A Returns Spreadsheet for Bogleheads

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longinvest
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A Returns Spreadsheet for Bogleheads

Post by longinvest » Sat Nov 01, 2014 9:50 pm

It sometimes happens that Bogleheads report the return of their portfolio (in threads like "What are you up YTD?"). When new Bogleheads ask about how to compute returns, they're often told about Excel's XIRR function, which is a very good way to compute an investor's return (how well am I doing with my investments), but which is not an appropriate return to compare to widely available fund and index returns such as the S&P 500 YTD return [added:] or to the return of other investors.

As a solution to this, I have built a Returns Spreadsheet for Bogleheads. I have tried to keep it as simple to use as possible. Hopefully, members will simply copy/paste their returns from the spreadsheet into their posts.

For each month, one only needs to provide three pieces of data:
  • Total contributions. (Money added to portfolio, excluding any internal cash flows such as dividend payments).
  • Total withdrawals. (Money removed from portfolio, excluding any internal cash flows such as fees).
  • Portfolio balance at the close of the last day of the month.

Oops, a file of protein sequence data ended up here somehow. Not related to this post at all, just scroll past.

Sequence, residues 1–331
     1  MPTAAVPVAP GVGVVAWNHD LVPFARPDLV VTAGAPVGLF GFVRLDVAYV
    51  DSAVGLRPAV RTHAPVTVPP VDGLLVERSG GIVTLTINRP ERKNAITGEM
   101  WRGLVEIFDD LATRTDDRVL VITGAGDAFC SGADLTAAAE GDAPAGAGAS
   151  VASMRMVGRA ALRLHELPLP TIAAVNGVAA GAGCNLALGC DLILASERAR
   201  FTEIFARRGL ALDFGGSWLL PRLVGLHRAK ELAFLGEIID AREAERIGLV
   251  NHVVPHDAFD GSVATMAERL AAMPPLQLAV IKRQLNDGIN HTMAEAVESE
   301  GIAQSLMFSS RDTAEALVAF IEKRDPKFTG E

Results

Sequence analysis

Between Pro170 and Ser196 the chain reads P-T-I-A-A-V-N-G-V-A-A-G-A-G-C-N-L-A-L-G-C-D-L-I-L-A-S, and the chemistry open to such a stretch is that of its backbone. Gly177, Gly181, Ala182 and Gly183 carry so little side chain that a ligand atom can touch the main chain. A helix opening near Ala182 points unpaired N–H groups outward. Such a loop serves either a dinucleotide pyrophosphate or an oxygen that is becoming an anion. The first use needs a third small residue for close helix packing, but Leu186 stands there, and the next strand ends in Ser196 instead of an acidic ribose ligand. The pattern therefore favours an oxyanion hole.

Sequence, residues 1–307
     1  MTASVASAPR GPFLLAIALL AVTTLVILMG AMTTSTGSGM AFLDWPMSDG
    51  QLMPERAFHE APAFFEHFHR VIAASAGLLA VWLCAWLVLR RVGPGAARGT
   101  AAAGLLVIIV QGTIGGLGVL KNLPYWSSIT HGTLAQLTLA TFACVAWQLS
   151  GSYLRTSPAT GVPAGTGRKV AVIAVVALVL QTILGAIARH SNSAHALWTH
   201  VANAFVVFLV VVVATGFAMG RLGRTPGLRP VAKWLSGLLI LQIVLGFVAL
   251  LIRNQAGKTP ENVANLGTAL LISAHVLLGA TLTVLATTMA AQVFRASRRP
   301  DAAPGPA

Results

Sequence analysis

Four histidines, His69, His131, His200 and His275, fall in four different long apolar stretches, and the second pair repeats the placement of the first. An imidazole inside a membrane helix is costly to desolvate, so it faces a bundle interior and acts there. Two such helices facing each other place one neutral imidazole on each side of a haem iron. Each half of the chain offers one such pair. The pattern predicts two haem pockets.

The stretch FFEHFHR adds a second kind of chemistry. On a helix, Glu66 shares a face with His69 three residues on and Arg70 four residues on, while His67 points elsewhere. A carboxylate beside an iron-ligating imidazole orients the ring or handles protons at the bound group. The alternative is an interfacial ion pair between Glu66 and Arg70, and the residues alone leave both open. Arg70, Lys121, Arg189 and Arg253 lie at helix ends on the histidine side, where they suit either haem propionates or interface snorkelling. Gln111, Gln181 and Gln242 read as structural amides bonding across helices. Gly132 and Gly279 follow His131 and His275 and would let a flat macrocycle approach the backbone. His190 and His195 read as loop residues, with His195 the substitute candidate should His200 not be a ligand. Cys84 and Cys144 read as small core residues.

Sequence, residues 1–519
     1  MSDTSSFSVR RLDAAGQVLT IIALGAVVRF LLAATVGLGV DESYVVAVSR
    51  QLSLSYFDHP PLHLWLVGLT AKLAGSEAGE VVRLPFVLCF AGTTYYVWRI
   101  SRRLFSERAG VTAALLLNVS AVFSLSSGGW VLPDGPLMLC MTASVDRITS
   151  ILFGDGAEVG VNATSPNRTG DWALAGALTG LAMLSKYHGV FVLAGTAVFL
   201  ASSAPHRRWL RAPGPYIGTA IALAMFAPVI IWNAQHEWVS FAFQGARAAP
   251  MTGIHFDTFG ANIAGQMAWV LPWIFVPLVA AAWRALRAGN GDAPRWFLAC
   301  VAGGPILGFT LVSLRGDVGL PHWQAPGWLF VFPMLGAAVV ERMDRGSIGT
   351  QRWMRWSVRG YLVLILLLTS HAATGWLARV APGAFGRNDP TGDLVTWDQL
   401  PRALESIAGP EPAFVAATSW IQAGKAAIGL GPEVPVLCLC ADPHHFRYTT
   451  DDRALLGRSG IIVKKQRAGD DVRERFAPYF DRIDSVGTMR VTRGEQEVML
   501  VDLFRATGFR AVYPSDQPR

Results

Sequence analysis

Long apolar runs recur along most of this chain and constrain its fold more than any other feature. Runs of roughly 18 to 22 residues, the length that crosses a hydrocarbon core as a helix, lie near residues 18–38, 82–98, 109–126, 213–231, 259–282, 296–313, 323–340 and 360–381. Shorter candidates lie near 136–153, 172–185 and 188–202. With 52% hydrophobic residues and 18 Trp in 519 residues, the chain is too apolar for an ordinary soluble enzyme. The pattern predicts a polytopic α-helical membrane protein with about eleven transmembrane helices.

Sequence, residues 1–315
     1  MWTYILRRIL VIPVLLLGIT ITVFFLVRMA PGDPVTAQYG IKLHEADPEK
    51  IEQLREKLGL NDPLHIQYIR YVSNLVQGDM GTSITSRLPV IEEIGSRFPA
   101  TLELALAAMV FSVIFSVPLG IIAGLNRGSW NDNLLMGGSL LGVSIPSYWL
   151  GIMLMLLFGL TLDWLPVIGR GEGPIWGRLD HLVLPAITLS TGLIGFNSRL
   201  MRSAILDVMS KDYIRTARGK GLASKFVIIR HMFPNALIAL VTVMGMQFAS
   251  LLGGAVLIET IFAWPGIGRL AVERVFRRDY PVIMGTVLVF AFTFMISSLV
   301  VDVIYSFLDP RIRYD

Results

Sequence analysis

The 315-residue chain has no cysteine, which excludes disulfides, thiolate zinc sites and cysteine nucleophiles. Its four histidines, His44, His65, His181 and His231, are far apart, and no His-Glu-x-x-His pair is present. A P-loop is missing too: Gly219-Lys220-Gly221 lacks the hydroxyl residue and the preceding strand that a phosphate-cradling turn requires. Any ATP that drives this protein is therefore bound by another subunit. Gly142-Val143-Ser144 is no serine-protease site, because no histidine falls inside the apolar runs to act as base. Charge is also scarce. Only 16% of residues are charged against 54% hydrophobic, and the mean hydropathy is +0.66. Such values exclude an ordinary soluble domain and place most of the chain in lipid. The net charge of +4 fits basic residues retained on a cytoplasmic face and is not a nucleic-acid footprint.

The spreadsheet computes two types of returns(*):
  • Investor return (money weighted, IRR) for the entire investment period.
  • Portfolio returns (time weighted, comparable to other returns) for YTD, 1 year, 3 years, 5 years, etc.
[edited:] You'll find the download links on the Wiki page: wiki:Calculating personal returns

(*) As suggested by W. Bernstein in The Four Pillars of investing, half the contributions and withdrawals are applied at the start of the month, and the other half at the end of the month.


SCREENSHOTS

Trailing Returns

Image

Growth of $10,000 Chart

Image

Comments are welcome.
Last edited by longinvest on Wed Jul 08, 2015 8:40 am, edited 12 times in total.
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gkaplan
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Re: A Returns Spreadsheet for Bogleheads

Post by gkaplan » Sat Nov 01, 2014 9:53 pm

longinvest wrote:It sometimes happens that Bogleheads report the return of their portfolio (in threads like "What are you up YTD?"). When new Bogleheads ask about how to compute returms, they're often told about Excel's XIRR function, which is a very good way to compute an investor's return (how well am I doing with my investments), but which is not an appropriate return to compare to widely available returns such as the S&P 500 YTD return....